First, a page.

mudflat

(redirected from Mud-flat)

mudflat

(ˈmʌdˌflæt)
n
(Physical Geography) a tract of low muddy land, esp near an estuary, that is covered at high tide and exposed at low tide
Translations
břeh zanášený přílivem
mudderbanke
iszapos lapály
leirur
breh zaplavovaný prílivom
gelgit sırasında çamur biriken alan

mud

(mad) noun
wet soft earth.
ˈmuddy adjective
covered with or containing mud. muddy boots/water.
verb
to make muddy. You've muddied the floor!
ˈmudflat noun
(often in plural) an area of muddy seaside land which is covered with water at high tide.
ˈmudguard noun
a shield or guard over the wheel of a car, bicycle etc to keep mud, rainwater etc from splashing upwards.
ˈmudskipper noun
a small fish found in shallow coastal waters, able to jump about and climb low rocks to look for food.
References in classic literature ?
One day, on the mud-flat side of the Rock Wall, an Italian fishing boat hauled up on the sand dredged from the channel.
By the time I got close to the mud-flat his craft had disappeared inland.
The Chapman light- house, a three-legged thing erect on a mud-flat, shone strongly.
The water crept over the mud-flats towards the gorse and the blackened heather.
Having thus, amid a general titter, played very prettily with his interrupter, the lecturer went back to his picture of the past, the drying of the seas, the emergence of the sand-bank, the sluggish, viscous life which lay upon their margins, the overcrowded lagoons, the tendency of the sea creatures to take refuge upon the mud-flats, the abundance of food awaiting them, their consequent enormous growth.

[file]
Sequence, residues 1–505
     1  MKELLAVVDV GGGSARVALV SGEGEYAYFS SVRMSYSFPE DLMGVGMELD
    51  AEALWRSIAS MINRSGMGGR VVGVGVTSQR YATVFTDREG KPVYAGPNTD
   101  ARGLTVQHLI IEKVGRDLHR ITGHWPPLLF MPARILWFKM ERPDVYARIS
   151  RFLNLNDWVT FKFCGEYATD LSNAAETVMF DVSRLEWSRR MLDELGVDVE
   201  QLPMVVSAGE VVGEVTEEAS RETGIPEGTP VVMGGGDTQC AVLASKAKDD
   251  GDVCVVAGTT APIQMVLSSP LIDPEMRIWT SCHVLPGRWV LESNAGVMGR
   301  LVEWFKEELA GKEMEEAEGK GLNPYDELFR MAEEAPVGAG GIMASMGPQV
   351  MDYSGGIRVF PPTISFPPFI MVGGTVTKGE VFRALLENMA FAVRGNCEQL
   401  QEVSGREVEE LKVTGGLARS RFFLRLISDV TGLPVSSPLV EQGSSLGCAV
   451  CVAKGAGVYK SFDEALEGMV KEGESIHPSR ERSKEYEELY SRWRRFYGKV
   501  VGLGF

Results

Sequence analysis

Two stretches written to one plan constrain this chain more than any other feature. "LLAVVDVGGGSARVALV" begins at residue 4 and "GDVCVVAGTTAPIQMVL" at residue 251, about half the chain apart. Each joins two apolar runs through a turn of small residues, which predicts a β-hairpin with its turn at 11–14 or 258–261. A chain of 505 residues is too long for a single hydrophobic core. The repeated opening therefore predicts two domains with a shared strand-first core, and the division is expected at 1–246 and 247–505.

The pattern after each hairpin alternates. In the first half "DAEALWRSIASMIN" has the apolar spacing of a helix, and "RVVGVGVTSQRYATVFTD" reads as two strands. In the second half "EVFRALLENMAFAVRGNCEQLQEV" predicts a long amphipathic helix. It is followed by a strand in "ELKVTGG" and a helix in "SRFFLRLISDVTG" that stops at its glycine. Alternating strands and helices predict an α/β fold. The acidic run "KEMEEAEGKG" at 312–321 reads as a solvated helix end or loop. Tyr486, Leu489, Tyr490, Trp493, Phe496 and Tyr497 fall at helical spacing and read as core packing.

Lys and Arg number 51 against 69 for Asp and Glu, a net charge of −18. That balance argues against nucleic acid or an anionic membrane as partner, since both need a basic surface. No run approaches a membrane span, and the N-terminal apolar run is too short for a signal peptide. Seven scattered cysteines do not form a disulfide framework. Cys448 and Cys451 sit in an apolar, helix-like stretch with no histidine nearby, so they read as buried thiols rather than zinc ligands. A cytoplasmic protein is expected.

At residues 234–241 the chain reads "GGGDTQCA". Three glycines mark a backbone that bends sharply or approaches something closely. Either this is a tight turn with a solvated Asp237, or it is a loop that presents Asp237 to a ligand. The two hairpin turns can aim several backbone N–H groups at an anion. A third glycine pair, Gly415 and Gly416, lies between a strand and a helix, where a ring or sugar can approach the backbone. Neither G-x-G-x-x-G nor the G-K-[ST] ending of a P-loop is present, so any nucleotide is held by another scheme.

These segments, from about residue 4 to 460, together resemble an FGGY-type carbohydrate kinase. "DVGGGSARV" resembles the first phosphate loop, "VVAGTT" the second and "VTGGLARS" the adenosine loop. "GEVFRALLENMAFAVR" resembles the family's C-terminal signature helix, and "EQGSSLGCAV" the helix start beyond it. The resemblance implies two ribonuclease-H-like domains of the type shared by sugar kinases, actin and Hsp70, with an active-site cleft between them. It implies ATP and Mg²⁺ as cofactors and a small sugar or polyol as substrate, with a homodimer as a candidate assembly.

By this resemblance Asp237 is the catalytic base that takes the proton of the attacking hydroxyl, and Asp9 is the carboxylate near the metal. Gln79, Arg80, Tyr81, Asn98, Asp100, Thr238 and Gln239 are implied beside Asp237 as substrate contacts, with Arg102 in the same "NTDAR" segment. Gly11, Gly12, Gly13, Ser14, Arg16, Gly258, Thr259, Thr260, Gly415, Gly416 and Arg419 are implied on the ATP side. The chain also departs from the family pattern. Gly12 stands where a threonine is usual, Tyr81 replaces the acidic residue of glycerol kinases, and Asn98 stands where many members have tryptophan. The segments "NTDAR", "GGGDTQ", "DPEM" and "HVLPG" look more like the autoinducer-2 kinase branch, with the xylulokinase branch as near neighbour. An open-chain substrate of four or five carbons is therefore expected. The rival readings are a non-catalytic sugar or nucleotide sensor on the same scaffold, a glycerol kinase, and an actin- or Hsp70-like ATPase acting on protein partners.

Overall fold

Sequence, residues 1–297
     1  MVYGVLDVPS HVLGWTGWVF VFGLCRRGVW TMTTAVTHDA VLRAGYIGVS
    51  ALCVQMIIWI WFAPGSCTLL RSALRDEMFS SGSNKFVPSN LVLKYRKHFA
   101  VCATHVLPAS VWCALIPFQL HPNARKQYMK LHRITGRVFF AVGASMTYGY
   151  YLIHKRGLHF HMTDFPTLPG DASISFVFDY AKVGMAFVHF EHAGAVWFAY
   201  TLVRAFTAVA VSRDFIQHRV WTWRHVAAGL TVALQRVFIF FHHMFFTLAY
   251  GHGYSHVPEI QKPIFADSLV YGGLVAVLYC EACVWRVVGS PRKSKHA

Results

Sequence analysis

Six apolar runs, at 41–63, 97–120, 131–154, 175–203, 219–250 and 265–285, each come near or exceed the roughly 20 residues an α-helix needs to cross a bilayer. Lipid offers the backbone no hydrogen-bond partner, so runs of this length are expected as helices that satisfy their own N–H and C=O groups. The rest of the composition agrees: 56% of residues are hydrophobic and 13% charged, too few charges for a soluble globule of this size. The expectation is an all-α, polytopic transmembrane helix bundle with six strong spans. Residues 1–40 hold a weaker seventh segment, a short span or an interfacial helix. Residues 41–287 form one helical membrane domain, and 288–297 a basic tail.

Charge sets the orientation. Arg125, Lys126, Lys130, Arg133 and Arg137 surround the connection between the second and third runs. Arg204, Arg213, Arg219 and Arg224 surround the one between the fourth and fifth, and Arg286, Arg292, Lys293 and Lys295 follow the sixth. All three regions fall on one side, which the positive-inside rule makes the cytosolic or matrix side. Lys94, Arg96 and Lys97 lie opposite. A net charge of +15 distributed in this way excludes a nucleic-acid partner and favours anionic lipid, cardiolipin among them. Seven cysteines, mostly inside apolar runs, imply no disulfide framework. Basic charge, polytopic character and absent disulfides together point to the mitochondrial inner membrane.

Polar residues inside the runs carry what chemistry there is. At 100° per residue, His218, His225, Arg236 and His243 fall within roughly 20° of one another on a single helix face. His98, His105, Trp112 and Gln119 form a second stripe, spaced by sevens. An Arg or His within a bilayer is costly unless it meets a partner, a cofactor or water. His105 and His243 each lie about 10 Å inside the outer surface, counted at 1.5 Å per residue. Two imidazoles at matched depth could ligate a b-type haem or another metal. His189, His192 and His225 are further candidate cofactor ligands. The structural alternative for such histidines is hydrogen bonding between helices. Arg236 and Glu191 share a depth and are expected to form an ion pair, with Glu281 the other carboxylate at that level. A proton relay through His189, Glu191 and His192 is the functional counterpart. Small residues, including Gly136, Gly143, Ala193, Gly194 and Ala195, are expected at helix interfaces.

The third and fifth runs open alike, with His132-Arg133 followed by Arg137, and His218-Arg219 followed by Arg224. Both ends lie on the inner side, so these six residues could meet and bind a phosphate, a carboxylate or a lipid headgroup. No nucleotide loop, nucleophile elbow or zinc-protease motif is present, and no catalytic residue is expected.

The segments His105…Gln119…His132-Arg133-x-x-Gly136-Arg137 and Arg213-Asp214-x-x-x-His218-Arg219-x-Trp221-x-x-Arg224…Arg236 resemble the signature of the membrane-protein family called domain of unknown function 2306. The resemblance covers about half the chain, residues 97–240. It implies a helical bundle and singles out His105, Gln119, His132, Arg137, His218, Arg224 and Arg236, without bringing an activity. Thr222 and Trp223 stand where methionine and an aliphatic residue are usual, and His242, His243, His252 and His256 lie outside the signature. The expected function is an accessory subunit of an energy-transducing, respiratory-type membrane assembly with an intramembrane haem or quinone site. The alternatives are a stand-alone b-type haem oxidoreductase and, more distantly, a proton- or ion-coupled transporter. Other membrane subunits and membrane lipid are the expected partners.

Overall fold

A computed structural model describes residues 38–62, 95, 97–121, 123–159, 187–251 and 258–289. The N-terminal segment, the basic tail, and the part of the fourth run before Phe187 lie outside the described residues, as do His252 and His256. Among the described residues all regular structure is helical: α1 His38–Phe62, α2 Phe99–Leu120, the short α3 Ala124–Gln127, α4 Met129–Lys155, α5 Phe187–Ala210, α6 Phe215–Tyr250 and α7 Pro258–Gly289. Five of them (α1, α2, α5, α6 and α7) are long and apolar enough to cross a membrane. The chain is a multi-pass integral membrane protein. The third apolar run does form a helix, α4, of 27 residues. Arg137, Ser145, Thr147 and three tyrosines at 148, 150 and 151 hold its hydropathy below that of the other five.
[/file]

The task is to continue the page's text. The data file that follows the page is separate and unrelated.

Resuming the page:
The airplane crashed into about five feet of water, on a tidal mud-flat.
But it is a beastly hole after Liverpool; for Liverpool is the town of my heart and I would rather sail a mud-flat there than command a clipper ship out of London".
Each feeder is made up of three parts: mud-flat roof, support, and base.
He had stumbled into a mud-flat as he took a short cut home along the shoreline at Hamble, near Southampton, at 4am yesterday after a night out - and was sinking fast in the mud.
VISITORS to a Midlands reservoir have ignored warnings to stay away from quicksand-like mud-flats, putting their lives at risk.
Some of the low-tide mud-flats would be lost, displacing some of the wading birds that make the estuary a protected area.
If Mr Carew-Chaston is correct in asserting that people won't 'pay a quarter of a million-plus for a flat to look out on mud-flats and count every single supermarket trolley', perhaps he should: A.